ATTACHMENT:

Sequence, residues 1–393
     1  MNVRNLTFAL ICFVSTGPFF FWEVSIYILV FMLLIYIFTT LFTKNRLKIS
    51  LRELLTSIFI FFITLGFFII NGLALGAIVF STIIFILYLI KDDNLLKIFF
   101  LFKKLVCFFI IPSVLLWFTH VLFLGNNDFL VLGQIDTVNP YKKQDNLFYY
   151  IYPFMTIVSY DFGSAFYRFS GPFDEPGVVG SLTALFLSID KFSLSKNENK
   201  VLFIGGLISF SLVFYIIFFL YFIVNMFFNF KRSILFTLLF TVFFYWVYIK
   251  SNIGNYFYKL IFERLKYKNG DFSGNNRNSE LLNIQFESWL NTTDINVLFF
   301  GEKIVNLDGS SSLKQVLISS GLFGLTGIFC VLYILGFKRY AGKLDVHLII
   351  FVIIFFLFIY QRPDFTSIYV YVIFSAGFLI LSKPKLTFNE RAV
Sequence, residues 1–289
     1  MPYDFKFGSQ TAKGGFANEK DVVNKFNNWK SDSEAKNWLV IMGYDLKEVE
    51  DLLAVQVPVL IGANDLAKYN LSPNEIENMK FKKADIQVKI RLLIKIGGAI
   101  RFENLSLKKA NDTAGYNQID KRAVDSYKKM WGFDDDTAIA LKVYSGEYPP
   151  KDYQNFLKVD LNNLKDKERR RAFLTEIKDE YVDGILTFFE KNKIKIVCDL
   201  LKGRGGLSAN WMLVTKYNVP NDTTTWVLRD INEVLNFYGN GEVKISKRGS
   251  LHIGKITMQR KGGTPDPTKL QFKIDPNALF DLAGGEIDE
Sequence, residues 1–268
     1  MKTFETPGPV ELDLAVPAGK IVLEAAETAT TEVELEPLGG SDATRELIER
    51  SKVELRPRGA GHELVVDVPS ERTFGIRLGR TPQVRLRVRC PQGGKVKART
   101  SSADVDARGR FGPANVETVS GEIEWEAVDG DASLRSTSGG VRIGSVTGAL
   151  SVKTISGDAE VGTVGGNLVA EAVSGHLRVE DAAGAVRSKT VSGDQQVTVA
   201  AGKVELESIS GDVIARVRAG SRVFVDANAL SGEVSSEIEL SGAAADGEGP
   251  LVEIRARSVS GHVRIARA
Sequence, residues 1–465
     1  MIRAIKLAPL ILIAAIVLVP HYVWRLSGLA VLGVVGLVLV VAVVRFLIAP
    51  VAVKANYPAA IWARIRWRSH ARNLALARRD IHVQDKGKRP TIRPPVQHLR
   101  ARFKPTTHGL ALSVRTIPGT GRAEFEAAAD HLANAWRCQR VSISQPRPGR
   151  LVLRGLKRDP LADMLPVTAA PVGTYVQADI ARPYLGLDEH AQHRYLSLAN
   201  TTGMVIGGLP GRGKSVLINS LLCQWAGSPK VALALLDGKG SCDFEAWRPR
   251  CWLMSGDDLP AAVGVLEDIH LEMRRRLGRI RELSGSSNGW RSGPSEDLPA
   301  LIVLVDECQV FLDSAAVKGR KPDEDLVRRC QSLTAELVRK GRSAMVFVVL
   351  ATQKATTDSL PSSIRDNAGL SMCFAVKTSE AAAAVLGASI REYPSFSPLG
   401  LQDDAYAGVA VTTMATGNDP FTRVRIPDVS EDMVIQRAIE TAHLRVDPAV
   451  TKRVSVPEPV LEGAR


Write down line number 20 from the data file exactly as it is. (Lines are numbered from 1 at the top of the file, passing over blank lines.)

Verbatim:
   101  SSADVDARGR FGPANVETVS GEIEWEAVDG DASLRSTSGG VRIGSVTGAL